Oxford: Alden & Co. Ltd. / Bocardo Press, 1910. First Edition. 12 mo. (7 5/8 inches tall), original navy cloth with gilt titles. Small ink presentation inscription, gilt bright, gutter cracked but still firm, very faint wear to spine ends and corners. A near-fine copy. Item #1127
"THE AZURE BINDING OF ETON DAYS IS EXCHANGED FOR THE DARK BLUE HORIZON OF OXFORD"
First edition of Ronald Knox's scarce second book, Juxta Salices, collecting the verse and prose of his schoolboy and university days. Knox's first two books were born of his time as a student at Eton and Balliol. His literary career began in the summer of 1906 when "he issued his first book, Signa Severa, bound in Eton blue and published by Spottiswoode, a collection of verses in English, Latin, and Greek, dating from July 1903 to May 1906. The little volume ran into six editions, but copies are jealously guarded by their owners and seldom come into the market. He continued to write verses during his last half and published a selection of the four years later in his Oxford book, Juxta Salices. His facility and ingenuity were dazzling" (Evelyn Waugh). Knox arrived in Oxford "somewhat reluctantly, feeling that in leaving Eton, where for six years he been a favourite with both the boys and the masters, he had been exiled from an earthly paradise" (Penelope Fitzgerald).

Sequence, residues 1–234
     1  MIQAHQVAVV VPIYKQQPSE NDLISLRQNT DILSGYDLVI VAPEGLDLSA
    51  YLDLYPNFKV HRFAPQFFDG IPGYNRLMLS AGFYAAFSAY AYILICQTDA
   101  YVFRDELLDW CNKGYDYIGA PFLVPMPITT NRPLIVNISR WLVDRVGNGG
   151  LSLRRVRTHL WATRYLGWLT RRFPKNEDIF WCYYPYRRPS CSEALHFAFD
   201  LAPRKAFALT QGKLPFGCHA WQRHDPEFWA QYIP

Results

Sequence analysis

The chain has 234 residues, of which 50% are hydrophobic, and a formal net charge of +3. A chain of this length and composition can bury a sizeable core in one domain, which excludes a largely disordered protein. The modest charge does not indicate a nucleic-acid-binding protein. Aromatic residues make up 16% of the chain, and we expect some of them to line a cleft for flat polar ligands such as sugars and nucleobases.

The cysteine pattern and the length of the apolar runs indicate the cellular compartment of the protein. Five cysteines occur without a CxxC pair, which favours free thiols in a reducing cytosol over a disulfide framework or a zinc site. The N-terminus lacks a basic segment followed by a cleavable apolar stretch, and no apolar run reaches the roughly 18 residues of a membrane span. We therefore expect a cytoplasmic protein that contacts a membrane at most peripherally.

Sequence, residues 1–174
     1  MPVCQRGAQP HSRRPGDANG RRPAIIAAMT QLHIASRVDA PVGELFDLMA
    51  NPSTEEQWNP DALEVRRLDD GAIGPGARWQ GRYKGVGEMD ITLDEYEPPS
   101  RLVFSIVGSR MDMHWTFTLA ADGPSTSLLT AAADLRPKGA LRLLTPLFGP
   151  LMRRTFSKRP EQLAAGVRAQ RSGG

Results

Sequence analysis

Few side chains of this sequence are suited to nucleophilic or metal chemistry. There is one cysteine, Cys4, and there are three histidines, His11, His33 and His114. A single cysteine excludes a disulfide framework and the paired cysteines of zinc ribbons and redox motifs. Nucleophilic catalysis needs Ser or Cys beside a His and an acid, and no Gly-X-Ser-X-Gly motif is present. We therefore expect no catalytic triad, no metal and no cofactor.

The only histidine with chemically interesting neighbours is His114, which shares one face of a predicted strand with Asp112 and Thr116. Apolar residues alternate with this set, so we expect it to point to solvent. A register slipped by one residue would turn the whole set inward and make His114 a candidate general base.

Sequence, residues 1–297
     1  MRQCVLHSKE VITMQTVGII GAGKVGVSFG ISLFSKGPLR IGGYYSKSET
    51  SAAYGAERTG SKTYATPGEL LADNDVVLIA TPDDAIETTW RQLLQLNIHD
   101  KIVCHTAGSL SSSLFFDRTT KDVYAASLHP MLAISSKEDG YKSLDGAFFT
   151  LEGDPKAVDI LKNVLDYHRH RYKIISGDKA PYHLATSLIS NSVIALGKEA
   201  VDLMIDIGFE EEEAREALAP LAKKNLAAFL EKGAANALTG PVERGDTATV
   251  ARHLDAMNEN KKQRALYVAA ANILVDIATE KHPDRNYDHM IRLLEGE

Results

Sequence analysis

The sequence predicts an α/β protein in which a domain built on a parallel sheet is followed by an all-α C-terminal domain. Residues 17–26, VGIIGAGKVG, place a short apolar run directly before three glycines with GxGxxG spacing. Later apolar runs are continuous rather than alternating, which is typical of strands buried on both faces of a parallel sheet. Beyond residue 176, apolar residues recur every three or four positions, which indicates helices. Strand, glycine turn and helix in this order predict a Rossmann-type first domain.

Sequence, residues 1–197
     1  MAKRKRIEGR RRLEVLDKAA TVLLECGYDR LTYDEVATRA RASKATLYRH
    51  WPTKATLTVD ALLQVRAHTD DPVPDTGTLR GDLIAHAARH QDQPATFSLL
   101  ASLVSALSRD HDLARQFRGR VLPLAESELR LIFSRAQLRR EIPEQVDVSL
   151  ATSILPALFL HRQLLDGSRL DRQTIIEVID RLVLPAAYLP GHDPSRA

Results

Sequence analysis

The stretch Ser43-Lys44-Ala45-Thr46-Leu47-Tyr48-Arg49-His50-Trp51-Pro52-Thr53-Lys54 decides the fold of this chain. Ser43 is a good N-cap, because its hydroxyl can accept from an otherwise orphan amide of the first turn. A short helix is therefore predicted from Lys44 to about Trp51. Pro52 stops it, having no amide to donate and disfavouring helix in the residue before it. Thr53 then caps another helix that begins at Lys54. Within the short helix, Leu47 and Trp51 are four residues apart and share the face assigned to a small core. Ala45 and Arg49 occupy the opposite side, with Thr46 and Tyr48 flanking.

Knox's brief Preface (dated, "R.A.K. / Manchester / S. Peter in Chains, 1910") acknowledges an uncertain transition: "but when the azure binding of Eton days is exchanged for the dark blue horizon of Oxford, when the tongue cleaves to the roof of the mouth and the right hand forgets her cunning, what wonder if the Muse, her strength brought down in her journey, is fain to lag behind?" Printed and bound in Oxford by Alden & Company with a General Dedication ("To All / Old Etonians / Good Churchmen / and Smokers of Briar Pipes") and a Special Dedication: "To P.H.S.S." ("Balliol, June, 1910"). Patrick H. Shaw-Stewart, Knox's friend at both Eton and Balliol, was killed in action in France in December 1917. He is one of the War Poets, perhaps best known as the author of Achilles in the Trench: "Was it so hard, Achilles / So very hard to die? / Thou knewest and I know not— / So much the happier I."
The book is divided into three sections: Ninthlies and Lastlies (with six pieces) and Bowings to Rimmon (with another 13) and concluding with A Decalogue Symposium, a Sherlockian parody of Conan-Doyle, and an early demonstration of Knox's interest in Detective Fiction. A Decalogue Symposium is the only piece undated by Knox, but it has its own Preface, explaining that it was written for a reading by the 19 members of Balliol's Decalogue Society. "Unfortunately, true to the spirit of modern Drama, the parts were all 'written round' the several actors, and many purely personal allusions will be lost on a larger audience: it can only be said, in the words of Hippoclides, that 'it was screamingly funny when you saw it done.'" Knox's second book was apparently less successful than his first: "Juxta Salices, in which he collected his undergraduate 'jeux d'espirit' was never a success; it sold a few hundred copies and left Ronald with a small debt to Alden's, the printers." (Waugh). A bright and sharp-cornered copy. Waugh. The Life of the Right Reverend Ronald Knox, Fitzgerald. The Knox Brothers.